How Stranger Things Addresses Season 1 Criticisms Head-On

SPOILER WARNING: This article contains spoilers for the second season of Stranger Things, streaming now on Netflix.

The debut season of Stranger Things was met with near universal praise, and for good reason. The show was the perfect blend of horror and sci-fi, neatly packaged by Netflix as a nostalgic coming-of-age tale for fans of stories like The Goonies, E.T. and Stephen King books in general. However, it wasn't without its flaws, with some viewers pointing out that, as opposed to homage and inspiration, quite a few arcs in the show felt like straight rip-offs of said influencers.

RELATED: Stranger Things: Two ’80s Arcade Games Are the Keys to Season 2

These critics found the series too derivative, believing it aped the older films rather than placing a contemporary, updated spin on the genres involved. This was actually made fun of this season where Lucas (Caleb McLaughlin) tried to divulge what happened in Season 1 to a newcomer to Hawkins, Indiana, in Max (Sadie Sink). She laughed it off and basically called it unoriginal, echoing some of the flak thrown at the show.

Thhe #JusticeForBarb movement wondered why everyone was concerned with the disappearance of Will Byers (Noah Schnapp) and not Barbara Holland (Shannon Purser). Then we have the reaction over Lucas, the show's one black character, and his family, who were placed in the periphery while the white kids and families got more screen time. This time around though, the Duffers, well aware of these red flags, were more than ready to address these issues head-on, even attempting to rectify them.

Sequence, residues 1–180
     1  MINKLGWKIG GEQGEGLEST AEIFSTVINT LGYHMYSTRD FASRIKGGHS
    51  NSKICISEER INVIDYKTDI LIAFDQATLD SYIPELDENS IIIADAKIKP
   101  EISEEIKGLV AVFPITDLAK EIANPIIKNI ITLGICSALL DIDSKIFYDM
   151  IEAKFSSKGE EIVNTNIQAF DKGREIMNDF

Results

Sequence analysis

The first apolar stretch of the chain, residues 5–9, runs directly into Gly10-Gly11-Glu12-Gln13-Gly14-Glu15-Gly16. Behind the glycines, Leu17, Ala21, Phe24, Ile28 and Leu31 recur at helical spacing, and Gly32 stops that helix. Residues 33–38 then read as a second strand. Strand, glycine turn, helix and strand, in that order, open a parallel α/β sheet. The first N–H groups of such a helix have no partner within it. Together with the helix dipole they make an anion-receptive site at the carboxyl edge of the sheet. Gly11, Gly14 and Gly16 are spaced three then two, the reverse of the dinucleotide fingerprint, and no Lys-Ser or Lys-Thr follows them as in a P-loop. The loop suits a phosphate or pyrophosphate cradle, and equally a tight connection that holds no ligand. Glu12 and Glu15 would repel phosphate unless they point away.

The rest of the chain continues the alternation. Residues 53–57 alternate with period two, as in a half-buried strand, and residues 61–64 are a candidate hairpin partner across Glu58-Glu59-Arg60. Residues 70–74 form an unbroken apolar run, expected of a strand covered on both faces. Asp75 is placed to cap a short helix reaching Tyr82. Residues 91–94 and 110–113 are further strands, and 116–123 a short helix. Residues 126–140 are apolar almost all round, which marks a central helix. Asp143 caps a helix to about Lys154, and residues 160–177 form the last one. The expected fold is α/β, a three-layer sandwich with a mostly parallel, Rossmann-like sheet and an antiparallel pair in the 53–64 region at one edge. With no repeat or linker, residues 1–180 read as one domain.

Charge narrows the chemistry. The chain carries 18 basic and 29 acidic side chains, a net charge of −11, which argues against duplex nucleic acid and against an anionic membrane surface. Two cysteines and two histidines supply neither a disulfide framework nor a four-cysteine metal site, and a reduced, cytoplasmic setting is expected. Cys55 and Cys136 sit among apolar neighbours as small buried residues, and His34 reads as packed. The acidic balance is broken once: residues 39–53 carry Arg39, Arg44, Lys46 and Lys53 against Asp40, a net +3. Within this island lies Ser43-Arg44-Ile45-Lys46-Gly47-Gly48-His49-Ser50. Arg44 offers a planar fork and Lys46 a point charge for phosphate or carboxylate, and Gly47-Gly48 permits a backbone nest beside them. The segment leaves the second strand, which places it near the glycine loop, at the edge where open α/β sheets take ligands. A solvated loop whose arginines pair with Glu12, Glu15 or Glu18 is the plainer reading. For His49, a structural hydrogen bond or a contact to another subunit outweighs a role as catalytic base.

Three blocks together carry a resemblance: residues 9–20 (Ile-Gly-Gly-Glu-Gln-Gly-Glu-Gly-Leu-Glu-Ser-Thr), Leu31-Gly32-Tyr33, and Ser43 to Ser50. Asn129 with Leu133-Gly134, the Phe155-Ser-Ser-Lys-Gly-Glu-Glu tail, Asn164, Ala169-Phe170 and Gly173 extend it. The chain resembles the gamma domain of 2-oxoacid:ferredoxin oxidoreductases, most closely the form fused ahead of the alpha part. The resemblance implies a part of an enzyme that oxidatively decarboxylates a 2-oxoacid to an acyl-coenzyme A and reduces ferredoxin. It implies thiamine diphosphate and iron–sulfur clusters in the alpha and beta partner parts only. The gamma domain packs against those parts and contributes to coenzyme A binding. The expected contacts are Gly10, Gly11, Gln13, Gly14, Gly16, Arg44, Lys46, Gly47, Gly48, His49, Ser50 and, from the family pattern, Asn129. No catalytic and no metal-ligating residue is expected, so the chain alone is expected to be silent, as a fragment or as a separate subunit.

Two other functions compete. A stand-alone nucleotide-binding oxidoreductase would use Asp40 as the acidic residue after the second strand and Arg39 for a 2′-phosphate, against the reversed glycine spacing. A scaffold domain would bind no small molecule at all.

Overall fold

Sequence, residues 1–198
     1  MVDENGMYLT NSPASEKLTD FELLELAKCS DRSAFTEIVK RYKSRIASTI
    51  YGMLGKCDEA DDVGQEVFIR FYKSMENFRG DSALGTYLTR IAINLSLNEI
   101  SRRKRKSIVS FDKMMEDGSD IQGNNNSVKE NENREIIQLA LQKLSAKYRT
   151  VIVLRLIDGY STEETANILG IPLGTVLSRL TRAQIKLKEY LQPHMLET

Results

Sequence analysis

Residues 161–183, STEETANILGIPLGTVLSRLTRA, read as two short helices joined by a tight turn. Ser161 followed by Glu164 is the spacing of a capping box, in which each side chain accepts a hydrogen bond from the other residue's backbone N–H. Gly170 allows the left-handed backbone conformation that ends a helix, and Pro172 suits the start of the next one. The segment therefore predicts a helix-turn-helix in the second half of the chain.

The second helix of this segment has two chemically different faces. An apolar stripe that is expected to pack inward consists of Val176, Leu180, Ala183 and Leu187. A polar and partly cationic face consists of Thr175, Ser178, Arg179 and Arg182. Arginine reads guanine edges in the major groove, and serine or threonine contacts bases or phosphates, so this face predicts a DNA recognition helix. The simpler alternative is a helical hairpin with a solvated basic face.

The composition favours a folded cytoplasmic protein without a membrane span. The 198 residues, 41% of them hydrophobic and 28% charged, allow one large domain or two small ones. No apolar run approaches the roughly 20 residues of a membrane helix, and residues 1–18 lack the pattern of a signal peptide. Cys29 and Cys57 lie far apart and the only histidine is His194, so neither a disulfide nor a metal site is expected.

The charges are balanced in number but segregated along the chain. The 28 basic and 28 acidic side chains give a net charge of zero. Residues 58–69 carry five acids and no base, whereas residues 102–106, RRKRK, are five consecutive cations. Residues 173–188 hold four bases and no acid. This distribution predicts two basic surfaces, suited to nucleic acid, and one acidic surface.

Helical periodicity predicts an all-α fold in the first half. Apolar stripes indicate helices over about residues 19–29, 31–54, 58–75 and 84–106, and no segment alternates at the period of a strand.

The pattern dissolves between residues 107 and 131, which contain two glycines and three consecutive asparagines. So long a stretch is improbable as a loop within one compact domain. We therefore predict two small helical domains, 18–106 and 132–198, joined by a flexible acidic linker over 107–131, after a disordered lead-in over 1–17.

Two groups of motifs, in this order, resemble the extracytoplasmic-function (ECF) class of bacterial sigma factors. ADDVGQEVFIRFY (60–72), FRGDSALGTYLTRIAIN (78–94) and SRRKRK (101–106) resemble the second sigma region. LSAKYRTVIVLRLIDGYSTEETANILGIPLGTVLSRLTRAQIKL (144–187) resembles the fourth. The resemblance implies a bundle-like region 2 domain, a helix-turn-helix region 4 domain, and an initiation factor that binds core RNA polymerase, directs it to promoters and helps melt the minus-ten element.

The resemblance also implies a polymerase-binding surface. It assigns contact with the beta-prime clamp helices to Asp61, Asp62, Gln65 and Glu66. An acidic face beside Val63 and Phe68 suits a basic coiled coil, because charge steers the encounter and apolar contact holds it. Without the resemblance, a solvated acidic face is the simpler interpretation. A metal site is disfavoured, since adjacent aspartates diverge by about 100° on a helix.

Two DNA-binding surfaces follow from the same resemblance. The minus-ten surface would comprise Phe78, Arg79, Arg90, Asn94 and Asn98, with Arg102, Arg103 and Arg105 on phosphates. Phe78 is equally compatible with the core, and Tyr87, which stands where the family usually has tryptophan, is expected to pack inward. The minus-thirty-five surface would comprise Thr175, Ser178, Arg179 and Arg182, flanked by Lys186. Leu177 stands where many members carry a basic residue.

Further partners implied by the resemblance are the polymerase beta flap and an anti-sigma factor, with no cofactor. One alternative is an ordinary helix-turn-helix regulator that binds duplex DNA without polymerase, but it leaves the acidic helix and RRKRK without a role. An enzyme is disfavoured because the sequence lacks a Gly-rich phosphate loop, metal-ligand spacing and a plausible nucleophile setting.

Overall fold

Forever Nostalgic...

The Duffers have never shied away from admitting what influenced their storytelling, taking The Goonies influence in particular a step further by casting Sean Astin for Season 2. He played Mikey Walsh in Richard Donner's 1985 classic film, and as Stranger Things 2's Bob Newby is a nerdy gem of a person. He cares for Will thanks to the romance with his mother, Joyce (Winona Ryder), and also because he sees himself in a youngster who is bullied at school. In a way, the Duffers made Bob feel like an older version of Mikey, transplanted to Hawkins, looking at maps, solving puzzles and, basically, helping save the day.

Aliens, The Thing and The Exorcist were also among the many influences seen this season, reaffirming the Duffers' love for old-school film, but the time machine didn't stop there. '80s gamers willhave recognized a couple of arcade games thematically linked to the show's narrative this year. Dig Dug tied directly into the Upside Down infecting Hawkins through underground tunnels, while Dragon's Lair paralleled Lucas and Dustin (Gaten Matarazzo) fighting over Max, who an analogy for Princess Daphne (the object of the hero's affection in the game).

This reiterated that the Duffers are kids of the '80s, making it clear that whether it's walkie-talkies, kids biking as in E.T., walking on train tracks as in Stand By Me, offering refuge to a mysterious Demodog as in Gremlins, or whether it's Eleven's (Millie Bobby Brown) rebellious punk gang as per James Cameron's Terminator 2, what shaped their formative years as teens and eventually as creators, will always have a place in Hawkins.

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